There is a pipe "restorer" on eBay called Paramount Pipes (in the UK). He "restores" pipes by scraping and scouring the finish, often obliterating the stamps and leaving the pipe with an unattractive, oily matte finish. I've bought some rare pipes from him before. I don't quite know if the damage he does is repairable. I cringe to think that he'll get his hands on something of singular rarity and value. I would literally pay him to not restore the pipe. I can't agree with you more.
 
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burleybreath

Part of the Furniture Now
Aug 29, 2019
711
2,516
Finger Lakes area, New York, USA
Damn. That's an ugly fill. I've seen some fills and that one takes the cake.
Ain't nuthin', yo. This beauty smokes like a dream. I'd even go so far as to say a wet dream, as it does gurgle sometimes when it gets really cooking. Smells funny, too. Lord knows where it's been, or used for. I do believe it was once owned by a horse proctologist. Knowing that has kept me up many a night, puffing warily on the s.o.b.--the pipe, I mean, not the doc.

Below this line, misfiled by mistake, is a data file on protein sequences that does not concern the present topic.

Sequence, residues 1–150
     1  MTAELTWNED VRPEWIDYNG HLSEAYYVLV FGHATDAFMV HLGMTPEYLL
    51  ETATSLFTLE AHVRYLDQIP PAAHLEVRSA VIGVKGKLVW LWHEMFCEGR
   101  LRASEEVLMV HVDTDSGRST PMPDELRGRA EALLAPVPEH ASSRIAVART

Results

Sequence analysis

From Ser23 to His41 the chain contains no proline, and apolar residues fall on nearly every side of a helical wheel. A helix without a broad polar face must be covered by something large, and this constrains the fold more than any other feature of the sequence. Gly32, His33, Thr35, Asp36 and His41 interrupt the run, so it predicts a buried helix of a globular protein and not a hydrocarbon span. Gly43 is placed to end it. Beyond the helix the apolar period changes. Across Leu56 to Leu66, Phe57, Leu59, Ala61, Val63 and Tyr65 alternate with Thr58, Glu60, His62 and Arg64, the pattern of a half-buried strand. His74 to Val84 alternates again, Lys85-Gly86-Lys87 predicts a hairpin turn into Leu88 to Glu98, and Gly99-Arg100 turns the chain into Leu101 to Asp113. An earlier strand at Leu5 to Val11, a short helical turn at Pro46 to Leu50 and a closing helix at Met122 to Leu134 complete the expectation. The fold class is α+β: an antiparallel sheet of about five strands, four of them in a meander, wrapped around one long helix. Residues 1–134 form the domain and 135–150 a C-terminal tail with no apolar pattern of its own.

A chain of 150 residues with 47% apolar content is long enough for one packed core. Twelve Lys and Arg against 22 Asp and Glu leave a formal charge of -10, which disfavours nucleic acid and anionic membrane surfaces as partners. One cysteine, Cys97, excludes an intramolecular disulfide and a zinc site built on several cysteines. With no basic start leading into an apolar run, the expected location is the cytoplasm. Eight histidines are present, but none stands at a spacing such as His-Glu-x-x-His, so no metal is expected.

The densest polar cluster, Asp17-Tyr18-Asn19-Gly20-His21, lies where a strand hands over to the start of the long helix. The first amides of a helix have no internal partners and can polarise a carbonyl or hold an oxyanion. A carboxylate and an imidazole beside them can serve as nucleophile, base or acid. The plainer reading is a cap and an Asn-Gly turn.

Question: Is this really the best color match the manufacturer can come up with? Better makers aren't much better in this regard. What? Is dyeing filler crap neuroscience or something average mortals can't comprehend? I've a good notion to trade it for one of them Castello things. Would that be a step up, or has Castello merely learned to hide their fills better?

shayeet.JPG
 
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The Mitre

Lurker
May 27, 2022
40
21
72
North Herefordshire, England, UK
That's a shame, I hope my first little attempt was not quiet as bad as yours Bullet08. But, hey ho, it smokes ok so that's the main thing I guess.

I think you stray slightly Green eyes. Where Paralogous come into the equation I'm not sure. I think we're both drifting into an area of semantics where neither of us will quiet satisfy the other. Let's call a truce...